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Sonic and the Secret Rings (Wii) Review

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Ever since Sonic left the hollows of his Dreamcast family, his life has been in sort of a downward spiral motion. Each game failed to live up to the Sonic name, creating what seemed to be many lackluster additions to the series that redefined the platforming genre. With the high-def era of next gen gaming taking full swing, and the PS3 and 360 focusing more on raw power than gameplay, it is key to note that Sonic’s adventure on the Wii impressively speeds past the competition in full strides, and delivers one of the most satisfying and innovative Sonic titles in years.

Sonic’s latest journey starts out with the blue hedgehog receiving a message from a genie, set in the pages of the classic book Arabian Nights. The genie warns Sonic of an evil genie named Erazor Djinn, who has set his sights on the secret rings scattered throughout the pages of the book in hopes of reclaiming them all and freeing himself from the story. Once free, he will terrorize Sonic’s land and become the most powerful genie in the world. Naturally, Sonic takes to the challenge quickly and soon finds himself racing to retrieve the rings before Erazor. Each scene is shown in a type of story-book cinema, complete with pictures and some nifty looking animations, in which Sonic (who sounds incredibly un-cool for such a neat-looking character) travels through the pages of Arabian Nights to find the rings and stop Erazor.

While the Sonic games never really had a strong central story point, Secret Rings does a good job of focusing on the key traits of the Arabian Nights folklore, recreating some of the most inspiring and well-thought out levels in the series’ history. While most levels are based off classic tales from the book, Sonic will also travel to different levels, complete with pirate ships, prehistoric animals, and desert ruins. Each level has its own unique look and feel, with some parts of the levels available for some clever platforming maneuvers, such as wall hugging to avoid dangerous traps and rail grinding over dangerous chasms. Despite these new additions, the same core gameplay is still well in tact, with Sonic running at an increasingly fast pace throughout. With things going at such a frantic pace all the time, it’s reassuring to note that there are no framerate problems or any occurrence of slowdown at all—something that plagued the other next-gen versions. Each level looks fantastic, brimming with their own special array of enemies and surroundings, while still making them look both realistic and artistic.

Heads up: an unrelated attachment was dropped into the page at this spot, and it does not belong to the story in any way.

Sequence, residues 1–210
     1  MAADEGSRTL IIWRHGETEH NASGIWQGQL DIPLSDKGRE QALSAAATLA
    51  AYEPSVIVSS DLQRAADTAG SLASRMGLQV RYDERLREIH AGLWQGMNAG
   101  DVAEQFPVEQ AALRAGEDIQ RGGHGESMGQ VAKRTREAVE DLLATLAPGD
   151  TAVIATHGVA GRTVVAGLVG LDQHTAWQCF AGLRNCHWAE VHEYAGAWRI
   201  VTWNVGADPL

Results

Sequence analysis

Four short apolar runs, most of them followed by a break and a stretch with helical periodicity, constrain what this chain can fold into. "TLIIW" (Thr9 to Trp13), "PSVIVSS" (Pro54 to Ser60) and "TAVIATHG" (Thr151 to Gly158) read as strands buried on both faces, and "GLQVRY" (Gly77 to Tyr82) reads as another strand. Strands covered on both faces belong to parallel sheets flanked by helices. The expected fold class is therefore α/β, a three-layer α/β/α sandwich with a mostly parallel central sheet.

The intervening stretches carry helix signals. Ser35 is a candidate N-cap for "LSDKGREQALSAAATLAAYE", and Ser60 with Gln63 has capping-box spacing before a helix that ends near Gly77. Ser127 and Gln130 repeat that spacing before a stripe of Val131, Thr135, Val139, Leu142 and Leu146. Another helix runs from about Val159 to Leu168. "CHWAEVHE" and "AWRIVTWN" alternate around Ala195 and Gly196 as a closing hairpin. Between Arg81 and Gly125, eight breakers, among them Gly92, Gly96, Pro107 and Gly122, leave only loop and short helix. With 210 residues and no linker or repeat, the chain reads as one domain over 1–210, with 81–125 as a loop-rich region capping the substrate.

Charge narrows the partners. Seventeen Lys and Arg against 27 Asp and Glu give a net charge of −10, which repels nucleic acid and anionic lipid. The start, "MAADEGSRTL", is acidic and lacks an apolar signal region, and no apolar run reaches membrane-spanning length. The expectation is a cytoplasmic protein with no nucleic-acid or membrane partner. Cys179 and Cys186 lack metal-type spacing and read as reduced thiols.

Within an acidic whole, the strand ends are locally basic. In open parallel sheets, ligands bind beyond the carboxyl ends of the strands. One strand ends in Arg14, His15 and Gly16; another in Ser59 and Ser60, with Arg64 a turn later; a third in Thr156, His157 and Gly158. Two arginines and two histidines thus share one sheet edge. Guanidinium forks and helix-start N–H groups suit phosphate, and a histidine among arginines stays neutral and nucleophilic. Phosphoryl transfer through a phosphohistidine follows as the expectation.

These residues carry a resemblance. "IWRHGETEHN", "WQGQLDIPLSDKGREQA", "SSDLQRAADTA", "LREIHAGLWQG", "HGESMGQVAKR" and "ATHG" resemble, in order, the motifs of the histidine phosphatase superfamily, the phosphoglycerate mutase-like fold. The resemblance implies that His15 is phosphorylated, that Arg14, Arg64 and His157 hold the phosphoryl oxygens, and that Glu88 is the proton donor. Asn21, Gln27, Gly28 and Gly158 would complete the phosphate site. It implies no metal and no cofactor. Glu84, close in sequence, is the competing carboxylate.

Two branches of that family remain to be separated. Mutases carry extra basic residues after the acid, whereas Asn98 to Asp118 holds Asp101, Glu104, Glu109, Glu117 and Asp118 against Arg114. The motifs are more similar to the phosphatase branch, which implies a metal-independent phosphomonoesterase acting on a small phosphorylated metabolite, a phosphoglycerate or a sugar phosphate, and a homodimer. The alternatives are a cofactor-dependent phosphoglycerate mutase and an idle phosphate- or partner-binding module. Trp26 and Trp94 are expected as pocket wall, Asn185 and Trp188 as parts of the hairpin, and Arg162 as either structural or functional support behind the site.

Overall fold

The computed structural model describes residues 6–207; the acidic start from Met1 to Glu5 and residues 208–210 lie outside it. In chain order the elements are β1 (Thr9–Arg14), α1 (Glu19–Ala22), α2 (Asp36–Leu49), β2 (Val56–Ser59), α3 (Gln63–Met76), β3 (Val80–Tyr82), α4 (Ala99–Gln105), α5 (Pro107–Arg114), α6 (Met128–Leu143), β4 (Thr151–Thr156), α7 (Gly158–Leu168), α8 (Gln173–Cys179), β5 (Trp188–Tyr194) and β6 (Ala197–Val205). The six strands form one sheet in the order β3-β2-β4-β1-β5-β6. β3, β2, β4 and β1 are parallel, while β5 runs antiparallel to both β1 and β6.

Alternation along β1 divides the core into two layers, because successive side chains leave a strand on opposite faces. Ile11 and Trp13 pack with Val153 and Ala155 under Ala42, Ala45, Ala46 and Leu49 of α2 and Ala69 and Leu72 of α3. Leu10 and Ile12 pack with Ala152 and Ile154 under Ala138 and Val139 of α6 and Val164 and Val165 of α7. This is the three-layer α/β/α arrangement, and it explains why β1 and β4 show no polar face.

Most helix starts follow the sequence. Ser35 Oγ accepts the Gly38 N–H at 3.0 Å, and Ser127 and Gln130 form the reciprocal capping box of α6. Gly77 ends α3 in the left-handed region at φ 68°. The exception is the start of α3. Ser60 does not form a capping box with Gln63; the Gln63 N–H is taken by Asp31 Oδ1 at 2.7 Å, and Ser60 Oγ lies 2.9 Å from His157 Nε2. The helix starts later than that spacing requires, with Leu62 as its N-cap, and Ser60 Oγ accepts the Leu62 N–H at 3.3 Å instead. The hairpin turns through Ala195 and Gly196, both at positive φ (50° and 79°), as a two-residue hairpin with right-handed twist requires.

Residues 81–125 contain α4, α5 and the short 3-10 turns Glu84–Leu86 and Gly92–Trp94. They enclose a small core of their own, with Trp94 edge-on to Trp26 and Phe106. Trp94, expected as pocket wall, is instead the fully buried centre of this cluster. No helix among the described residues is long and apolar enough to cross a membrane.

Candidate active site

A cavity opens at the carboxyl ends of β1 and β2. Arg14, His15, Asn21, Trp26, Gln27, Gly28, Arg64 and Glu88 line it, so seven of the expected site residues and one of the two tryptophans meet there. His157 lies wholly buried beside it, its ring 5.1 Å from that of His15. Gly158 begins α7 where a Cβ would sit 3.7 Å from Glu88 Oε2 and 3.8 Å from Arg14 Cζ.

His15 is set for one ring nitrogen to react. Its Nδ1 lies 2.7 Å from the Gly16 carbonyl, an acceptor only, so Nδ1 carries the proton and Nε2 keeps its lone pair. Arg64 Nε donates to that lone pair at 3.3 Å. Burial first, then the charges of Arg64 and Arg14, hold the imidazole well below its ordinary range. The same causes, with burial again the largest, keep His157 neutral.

The sense of speed has always been the key aspect of the Sonic series and the Secret Rings is no exception. While the other games had players moving Sonic at their own free will, the Wii version moves Sonic automatically on a pre-determined set course throughout each level. If Sonic happens to stop or slow down over an obstacle, he will gradually start running at full speed once again automatically. The lack of control over Sonic may be intimidating for some players, but with the new control structure it actually works extremely well in most places.